One hears it said that Americans, or modern people in general, are far too attached to things and possessions. I am with the people who observe that most people are actually inattentive to things: accumulating them is not the same as cherishing them.
I’m a flake, I admit it. I named all my handbags back when I still carried such things. They all seemed to have distinctive personalities, and I appreciated their service. The same goes for at least some instruments of music (a guitar is pretty person-like) and any complex piece of machinery that you interact with. My first computer, who had a habit of going haywire right from the beginning, was Lucrezia Borgia; the second (a hand-me-down from my Republican Albino Ex) came to me with the name Ronald Reagan (“insufficient memory at this time,” I said). The third was a cheerful Dell whom I named Brother Juniper. The Cute Engineer finally built me a custom job and I call him Sebastian.
Naming your car is a bit more mainstream, though it seems to occur more in novels than in real life (Peter S. Beagle, in The Folk of the Air, dubbed his hero’s bulky van Madame Schumann-Heink, after a chunky opera singer who was once heard to protest “Mein Gott, I haff no sidevays!”).
I had two intransigent American hatchbacks early in my driving career, Valeria Desesperanza and Esclarmonde de Foix. When I latched onto a well made, genuinely new car it took a while for me to figure out what her name was, but one day “Melissa” popped out of my mouth. I never became aware of any secondary name. She was and is Melissa; loyal, gracious, stout-hearted, old now — nearly twenty-three — and, I sometimes detect, hanging in there more through nobility of spirit than anything else. I stroke her dashboard when I am starting her up, especially on cold mornings, and lately I have taken to explaining that I will get someone to help her out soon.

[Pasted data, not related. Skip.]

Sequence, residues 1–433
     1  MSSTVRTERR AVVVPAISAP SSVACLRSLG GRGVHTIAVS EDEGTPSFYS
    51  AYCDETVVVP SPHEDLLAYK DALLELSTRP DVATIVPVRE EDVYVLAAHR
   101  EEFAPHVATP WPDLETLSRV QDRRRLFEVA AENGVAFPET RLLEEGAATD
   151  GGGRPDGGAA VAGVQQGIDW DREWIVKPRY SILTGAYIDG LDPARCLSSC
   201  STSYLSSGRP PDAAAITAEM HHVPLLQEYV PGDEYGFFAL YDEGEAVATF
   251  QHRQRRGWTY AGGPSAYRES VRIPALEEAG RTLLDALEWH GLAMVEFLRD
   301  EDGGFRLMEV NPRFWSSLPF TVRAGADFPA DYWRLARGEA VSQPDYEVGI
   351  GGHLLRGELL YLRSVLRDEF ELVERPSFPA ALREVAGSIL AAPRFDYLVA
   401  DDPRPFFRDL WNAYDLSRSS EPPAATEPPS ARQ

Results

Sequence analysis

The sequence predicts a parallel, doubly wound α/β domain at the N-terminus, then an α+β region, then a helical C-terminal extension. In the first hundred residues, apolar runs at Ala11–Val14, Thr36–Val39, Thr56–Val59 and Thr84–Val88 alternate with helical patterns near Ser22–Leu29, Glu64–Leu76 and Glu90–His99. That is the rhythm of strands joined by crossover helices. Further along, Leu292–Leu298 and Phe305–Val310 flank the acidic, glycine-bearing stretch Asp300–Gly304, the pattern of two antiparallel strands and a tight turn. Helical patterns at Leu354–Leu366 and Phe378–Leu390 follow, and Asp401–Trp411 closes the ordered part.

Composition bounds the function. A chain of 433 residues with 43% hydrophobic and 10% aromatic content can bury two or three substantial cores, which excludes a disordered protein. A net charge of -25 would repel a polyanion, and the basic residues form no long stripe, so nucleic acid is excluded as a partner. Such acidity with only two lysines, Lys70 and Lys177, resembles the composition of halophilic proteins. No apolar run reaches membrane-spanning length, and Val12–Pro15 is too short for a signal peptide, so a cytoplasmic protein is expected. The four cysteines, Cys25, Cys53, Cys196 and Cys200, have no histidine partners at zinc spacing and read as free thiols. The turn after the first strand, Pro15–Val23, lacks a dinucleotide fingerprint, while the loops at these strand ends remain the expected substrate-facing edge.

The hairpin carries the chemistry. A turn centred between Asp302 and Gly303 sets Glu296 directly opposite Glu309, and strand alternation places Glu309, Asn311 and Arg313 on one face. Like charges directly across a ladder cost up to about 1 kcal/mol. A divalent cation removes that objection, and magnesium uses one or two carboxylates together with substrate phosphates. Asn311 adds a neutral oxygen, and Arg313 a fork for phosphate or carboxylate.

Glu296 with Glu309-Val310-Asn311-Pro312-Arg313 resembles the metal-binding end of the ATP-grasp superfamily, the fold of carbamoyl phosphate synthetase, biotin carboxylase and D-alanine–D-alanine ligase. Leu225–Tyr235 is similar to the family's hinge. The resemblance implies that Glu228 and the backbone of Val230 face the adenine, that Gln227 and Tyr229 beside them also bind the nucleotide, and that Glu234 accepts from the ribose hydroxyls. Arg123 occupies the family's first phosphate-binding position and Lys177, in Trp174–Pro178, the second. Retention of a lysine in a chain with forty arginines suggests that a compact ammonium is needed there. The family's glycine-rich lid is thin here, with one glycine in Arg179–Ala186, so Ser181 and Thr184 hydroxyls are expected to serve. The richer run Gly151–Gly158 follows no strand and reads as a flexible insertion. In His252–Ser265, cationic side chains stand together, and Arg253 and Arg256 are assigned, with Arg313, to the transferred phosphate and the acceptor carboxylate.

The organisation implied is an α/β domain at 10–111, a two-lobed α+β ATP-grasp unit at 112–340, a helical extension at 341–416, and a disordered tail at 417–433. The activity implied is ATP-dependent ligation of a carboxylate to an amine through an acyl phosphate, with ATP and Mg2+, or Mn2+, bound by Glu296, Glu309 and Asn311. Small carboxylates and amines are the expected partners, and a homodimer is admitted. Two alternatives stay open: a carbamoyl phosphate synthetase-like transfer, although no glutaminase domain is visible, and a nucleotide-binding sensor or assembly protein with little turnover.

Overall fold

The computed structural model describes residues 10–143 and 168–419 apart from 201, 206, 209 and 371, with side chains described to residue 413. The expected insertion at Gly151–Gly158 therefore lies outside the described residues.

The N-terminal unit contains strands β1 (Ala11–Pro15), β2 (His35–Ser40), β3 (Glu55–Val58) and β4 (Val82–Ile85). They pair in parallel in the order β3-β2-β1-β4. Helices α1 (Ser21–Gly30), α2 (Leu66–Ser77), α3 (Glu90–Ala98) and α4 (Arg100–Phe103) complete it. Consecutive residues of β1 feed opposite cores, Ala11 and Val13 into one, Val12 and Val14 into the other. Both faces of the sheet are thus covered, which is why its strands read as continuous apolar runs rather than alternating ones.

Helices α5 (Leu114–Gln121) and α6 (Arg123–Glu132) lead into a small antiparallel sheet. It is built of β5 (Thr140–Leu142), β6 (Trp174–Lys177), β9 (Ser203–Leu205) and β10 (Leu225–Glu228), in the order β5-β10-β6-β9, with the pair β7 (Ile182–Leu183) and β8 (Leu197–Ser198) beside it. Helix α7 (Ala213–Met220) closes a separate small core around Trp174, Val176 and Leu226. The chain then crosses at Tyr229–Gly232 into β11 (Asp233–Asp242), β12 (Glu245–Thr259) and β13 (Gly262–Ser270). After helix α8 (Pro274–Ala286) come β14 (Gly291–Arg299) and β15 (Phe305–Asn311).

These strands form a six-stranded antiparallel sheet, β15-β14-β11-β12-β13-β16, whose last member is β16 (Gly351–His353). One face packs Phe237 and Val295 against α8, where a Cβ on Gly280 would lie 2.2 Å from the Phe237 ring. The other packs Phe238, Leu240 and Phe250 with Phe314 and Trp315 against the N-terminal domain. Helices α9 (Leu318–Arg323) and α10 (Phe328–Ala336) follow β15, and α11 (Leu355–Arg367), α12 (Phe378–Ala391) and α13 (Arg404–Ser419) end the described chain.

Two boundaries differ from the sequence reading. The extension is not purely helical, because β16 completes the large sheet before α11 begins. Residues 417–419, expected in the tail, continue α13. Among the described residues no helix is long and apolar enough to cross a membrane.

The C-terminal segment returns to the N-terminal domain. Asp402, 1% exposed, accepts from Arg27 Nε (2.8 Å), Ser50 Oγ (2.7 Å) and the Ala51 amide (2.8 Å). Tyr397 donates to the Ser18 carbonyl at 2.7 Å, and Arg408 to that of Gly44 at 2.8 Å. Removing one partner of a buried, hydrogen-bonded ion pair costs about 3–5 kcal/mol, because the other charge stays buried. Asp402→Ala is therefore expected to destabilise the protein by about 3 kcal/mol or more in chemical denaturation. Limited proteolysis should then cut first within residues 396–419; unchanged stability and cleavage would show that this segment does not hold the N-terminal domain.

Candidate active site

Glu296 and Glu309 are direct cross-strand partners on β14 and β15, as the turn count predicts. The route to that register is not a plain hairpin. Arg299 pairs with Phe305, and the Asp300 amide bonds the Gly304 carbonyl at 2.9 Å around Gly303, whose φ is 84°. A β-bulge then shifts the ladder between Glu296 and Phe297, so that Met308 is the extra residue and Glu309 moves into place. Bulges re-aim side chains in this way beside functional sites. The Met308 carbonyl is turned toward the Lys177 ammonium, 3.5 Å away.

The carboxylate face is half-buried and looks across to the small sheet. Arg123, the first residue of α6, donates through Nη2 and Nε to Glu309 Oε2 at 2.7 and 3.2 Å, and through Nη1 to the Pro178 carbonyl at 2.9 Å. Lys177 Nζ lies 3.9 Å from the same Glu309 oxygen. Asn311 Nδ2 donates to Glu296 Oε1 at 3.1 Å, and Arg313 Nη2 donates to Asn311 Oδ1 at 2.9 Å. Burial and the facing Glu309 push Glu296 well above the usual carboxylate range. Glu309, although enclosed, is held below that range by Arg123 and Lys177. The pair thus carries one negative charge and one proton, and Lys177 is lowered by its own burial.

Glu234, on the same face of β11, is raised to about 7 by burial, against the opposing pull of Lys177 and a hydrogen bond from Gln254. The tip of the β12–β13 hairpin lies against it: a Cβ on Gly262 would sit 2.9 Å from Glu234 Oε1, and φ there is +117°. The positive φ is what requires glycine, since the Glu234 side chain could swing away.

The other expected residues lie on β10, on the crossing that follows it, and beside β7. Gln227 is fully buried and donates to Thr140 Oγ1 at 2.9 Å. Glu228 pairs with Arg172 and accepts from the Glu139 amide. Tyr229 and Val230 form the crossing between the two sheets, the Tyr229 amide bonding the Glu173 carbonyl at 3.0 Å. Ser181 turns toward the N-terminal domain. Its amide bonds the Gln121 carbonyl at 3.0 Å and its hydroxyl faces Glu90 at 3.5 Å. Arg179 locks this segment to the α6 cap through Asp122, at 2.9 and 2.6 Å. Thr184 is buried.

I still felt that I had to talk to her a little when I brought home the new car. I have a twentyish friend who can afford a car or insurance, but probably not both, and I can kind of imagine the old girl enjoying one last fling with a young fella. I think she is OK with the idea. He’s coming by to look at her tomorrow.
Meanwhile, after several suggestions and a couple of tentative ideas of my own, the new one informed me this morning on her first mission that she wanted a rather grand pan-European name incorporating one submission from Azahar, the name of a Barber opera whose waltz motif has always haunted me, the name of the woman who many say was the model for Socrates’ Diotima (“the stranger woman”) and… well, the dealer says her color is “Celestial Blue.”
I think they look like family.